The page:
I recently used the app to share a “lightened-up” version of one of my family’s favorite recipes, pastitsio. Often described as Greek lasagna, the dish is traditionally very heavy with ground beef and a rich béchamel sauce. The lighter version I created uses mushrooms instead of meat, and I used a Greek yogurt topping in place of the béchamel sauce.

My mom was skeptical of the recipe, so I asked her to make it with me. I wanted Yiayia to come over as well, but unfortunately she is unable to travel due to restrictions at her assisted living facility.

This photo shows Yiayia and my mom making baklava in 2017.

Replacing ground beef with mushrooms is a fairly new food trend, but there are certain steps you need to take when making the substitution. For example, mushrooms are 90% water, so before using them in a recipe, you need to cook them down to the point that all the water evaporates from the mushrooms. If you don’t evaporate all the water, your dish will be soupy. It took about an hour of cooking the mushrooms on the stove before the water was all evaporated. I explained that to my mom when we were cooking together, and I also recorded that info in the Dishtory app so she can listen back to it without me.

Dishtory’s simple, easy-to-use interface allows users of all ages and life stages to quickly navigate and create their audio recipes for posterity—no complicated instructions or tutorials required! You can record a recipe and upload a picture within the app, or you can upload sound and images from your phone’s library. And if you’re not comfortable sharing your recipe with anyone else, there’s an option to keep it private.

Also, you can search for recipes in the app by either the username or the recipe name. After discovering a new recipe you’re interested in, save it in your “recipe book” in the app for easy access.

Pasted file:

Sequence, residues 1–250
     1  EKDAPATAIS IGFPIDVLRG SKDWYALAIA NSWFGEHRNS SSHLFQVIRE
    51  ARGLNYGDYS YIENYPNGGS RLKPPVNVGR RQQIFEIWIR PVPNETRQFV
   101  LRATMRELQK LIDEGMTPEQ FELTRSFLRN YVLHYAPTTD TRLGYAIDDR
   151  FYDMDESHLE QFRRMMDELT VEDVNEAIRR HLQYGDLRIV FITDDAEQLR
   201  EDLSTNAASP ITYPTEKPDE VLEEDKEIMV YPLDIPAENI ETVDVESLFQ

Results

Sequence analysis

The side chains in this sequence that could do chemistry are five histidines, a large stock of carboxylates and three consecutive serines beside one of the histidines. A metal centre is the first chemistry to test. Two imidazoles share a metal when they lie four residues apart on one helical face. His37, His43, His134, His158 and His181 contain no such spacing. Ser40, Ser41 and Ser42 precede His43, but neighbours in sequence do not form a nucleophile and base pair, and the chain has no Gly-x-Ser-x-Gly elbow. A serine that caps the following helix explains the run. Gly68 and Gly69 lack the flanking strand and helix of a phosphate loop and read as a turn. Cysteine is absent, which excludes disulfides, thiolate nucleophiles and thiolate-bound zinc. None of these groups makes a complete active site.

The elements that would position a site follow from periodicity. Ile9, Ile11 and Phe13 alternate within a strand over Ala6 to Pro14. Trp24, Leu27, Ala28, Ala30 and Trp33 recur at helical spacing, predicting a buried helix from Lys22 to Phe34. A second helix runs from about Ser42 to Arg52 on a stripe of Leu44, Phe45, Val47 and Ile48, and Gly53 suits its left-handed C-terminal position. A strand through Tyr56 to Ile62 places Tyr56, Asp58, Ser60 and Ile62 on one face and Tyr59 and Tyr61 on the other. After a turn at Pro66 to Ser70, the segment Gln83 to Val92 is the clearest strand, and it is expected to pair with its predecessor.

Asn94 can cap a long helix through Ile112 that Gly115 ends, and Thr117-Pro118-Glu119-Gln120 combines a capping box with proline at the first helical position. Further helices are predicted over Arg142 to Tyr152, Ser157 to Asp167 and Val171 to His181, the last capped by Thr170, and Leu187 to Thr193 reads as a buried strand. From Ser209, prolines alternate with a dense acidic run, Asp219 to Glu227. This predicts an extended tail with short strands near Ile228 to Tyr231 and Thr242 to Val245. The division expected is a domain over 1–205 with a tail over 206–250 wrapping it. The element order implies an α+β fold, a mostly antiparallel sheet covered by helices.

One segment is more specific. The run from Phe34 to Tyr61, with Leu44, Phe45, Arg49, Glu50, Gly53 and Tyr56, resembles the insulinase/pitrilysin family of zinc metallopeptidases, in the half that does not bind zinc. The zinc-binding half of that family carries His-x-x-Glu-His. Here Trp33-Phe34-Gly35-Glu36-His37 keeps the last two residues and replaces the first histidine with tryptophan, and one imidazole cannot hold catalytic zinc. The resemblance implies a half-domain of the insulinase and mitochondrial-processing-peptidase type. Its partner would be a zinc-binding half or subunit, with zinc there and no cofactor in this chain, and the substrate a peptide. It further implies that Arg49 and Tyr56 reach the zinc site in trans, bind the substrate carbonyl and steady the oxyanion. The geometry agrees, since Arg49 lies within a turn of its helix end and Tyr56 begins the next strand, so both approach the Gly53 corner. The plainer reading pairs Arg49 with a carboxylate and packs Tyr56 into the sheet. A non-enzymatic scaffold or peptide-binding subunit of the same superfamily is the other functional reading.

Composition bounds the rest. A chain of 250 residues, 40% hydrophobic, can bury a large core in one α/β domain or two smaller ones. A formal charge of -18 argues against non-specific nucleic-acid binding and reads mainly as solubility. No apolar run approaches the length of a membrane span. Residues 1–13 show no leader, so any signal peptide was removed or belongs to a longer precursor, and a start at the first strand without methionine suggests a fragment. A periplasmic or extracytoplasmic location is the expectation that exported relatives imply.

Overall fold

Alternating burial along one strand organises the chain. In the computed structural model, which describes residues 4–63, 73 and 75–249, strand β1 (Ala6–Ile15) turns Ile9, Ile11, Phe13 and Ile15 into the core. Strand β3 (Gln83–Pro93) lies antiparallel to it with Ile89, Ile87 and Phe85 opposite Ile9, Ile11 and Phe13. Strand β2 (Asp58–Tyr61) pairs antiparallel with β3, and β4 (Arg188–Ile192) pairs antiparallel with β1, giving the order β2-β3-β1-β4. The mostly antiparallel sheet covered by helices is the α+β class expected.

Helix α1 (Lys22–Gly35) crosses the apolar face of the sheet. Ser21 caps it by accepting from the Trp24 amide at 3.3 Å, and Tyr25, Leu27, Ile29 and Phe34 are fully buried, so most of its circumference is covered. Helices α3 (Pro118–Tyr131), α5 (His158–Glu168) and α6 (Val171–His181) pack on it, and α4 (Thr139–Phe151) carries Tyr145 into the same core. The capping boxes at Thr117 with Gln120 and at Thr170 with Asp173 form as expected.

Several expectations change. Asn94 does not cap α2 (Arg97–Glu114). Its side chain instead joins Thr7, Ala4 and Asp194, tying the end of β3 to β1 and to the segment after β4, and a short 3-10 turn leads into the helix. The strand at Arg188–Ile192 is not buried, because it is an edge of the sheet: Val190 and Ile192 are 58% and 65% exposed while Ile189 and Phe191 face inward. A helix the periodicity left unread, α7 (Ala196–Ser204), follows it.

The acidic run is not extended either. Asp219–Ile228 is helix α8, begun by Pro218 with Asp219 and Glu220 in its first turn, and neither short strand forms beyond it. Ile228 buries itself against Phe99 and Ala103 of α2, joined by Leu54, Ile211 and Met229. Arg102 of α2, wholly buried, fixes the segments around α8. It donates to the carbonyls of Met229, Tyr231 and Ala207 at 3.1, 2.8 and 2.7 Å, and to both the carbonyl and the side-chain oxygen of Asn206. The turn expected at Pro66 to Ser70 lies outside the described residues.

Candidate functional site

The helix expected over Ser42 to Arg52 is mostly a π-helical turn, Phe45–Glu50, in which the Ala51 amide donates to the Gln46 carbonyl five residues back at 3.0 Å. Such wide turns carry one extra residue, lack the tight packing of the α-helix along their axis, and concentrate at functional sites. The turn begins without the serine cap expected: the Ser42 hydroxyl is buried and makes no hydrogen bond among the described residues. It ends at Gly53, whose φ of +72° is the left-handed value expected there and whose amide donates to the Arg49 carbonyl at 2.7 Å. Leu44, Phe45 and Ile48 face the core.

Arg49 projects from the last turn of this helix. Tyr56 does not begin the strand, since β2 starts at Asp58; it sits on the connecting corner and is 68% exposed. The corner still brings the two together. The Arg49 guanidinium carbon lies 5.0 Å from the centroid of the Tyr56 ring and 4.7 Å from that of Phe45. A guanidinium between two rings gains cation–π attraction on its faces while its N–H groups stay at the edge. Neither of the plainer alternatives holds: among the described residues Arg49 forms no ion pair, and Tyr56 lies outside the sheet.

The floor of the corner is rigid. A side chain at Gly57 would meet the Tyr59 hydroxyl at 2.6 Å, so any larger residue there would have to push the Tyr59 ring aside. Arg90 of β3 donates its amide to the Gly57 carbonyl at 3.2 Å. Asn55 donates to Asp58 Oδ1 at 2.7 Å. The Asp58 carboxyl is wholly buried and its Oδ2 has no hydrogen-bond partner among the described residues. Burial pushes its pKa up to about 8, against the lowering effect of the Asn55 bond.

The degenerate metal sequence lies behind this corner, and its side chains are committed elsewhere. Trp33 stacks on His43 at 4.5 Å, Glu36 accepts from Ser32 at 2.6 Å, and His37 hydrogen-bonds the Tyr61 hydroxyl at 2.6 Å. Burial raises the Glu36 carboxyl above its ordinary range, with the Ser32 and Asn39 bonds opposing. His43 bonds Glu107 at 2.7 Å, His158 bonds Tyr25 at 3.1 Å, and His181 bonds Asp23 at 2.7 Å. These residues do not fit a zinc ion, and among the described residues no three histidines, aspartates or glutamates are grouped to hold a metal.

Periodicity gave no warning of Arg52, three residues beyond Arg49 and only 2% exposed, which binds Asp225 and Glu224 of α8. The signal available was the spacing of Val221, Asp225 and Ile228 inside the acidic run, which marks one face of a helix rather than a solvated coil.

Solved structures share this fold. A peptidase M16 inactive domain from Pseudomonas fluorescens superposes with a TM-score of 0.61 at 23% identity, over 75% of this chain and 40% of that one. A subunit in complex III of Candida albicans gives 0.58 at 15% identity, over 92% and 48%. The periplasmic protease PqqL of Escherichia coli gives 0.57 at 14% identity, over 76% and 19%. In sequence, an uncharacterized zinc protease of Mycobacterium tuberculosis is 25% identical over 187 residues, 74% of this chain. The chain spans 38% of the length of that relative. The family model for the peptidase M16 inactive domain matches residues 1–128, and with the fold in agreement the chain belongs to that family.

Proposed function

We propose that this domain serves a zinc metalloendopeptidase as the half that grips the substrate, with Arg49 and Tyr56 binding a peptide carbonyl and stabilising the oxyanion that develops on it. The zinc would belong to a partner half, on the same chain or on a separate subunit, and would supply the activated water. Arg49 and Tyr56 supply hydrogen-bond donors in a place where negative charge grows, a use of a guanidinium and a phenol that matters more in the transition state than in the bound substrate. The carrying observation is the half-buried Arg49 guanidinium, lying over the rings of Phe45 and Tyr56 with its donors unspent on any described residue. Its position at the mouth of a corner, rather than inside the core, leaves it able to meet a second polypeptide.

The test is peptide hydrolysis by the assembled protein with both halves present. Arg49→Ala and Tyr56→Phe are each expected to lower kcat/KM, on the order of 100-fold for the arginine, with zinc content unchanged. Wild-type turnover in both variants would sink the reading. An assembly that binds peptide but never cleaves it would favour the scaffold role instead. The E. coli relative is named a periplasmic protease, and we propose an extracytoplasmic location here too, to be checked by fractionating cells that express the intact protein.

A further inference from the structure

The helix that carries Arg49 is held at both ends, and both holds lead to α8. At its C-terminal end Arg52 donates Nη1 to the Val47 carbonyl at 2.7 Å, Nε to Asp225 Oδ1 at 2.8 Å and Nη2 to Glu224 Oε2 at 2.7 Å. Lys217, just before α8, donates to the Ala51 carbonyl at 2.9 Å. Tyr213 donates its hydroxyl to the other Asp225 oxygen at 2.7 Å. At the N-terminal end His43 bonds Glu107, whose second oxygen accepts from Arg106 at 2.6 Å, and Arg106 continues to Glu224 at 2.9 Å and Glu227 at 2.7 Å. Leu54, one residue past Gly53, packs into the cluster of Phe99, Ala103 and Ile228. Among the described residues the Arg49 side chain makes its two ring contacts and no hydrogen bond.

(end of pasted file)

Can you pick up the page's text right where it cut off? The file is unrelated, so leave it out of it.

Even though Yiayia wasn’t with us to make this recipe, I shared the recording with her. I know it warmed her heart to see that her passion for cooking and Greek food lives inside me.

Healthier Pastitsio

Yield: 12 servings


For the sauce

  • 2 Tablespoons olive oil
  • 3 pounds baby Bella or cremini mushrooms
  • 2 yellow onions, small dice
  • 4 garlic cloves, minced
  • 2 Tablespoons tomato paste
  • 1, 28-ounce can petite diced tomatoes with juice
  • 1/2 cup red wine
  • 2 teaspoons salt
  • 2 teaspoons sweet paprika
  • 1 teaspoon ground black pepper
  • 1 teaspoon ground cinnamon
  • 1/4 teaspoon ground cloves
  • 2 bay leaves
  • 1 egg, beaten

For the pasta

  • 14 ounces bucatini pasta
  • 1 egg, beaten
  • 4 ounces feta cheese, crumbled

For the topping

  • 3 cups plain Greek yogurt
  • 2 eggs, beaten
  • 1 teaspoon salt
  • 1/2 teaspoon pepper
  • 1/4 teaspoon ground nutmeg
  • 1/4 cup Kefalotyri Greek cheese, grated (can substitute romano or parmesan)


For the sauce

  1. Pulse mushrooms in food processor until they resemble ground meat.
  2. Cook mushrooms in deep skillet until all water is released and evaporates.This may take up to an hour.
  3. Once water evaporates, add onion. Cook on low until onions become soft and translucent.
  4. Add garlic and tomato paste and cook until mixed in, about a minute.
  5. Stir in tomatoes, red wine, salt, paprika, black pepper, cinnamon, ground cloves, and bay leaves.
  6. Bring to boil, reduce to gentle simmer. Cover and simmer 45 minutes to an hour to allow flavors to develop. Stir occasionally. Sauce should be very thick. If it isn’t thick enough, cook uncovered another 5 - 10 minutes. Set aside when done.
  7. Allow sauce to cool and stir in beaten egg.

For the pasta

  1. Cook bucatini in salted water for 8 minutes, or 1 minute short of al dente per package instructions.
  2. Allow to cool and stir in beaten egg and feta cheese.

For the topping

  1. Mix Greek yogurt with beaten eggs, salt, pepper, and ground nutmeg.

For assembly

  1. Preheat oven to 350 degrees Fahrenheit
  2. Spray 9x13-inch baking dish with nonstick spray.
  3. Spread pasta in even layer in baking dish.
  4. Spread sauce in even layer over pasta.
  5. Spread topping in even layer over sauce. Sprinkle cheese on top
  6. Bake about 30 minutes or until topping turns golden. Cool at least 10 minutes before serving.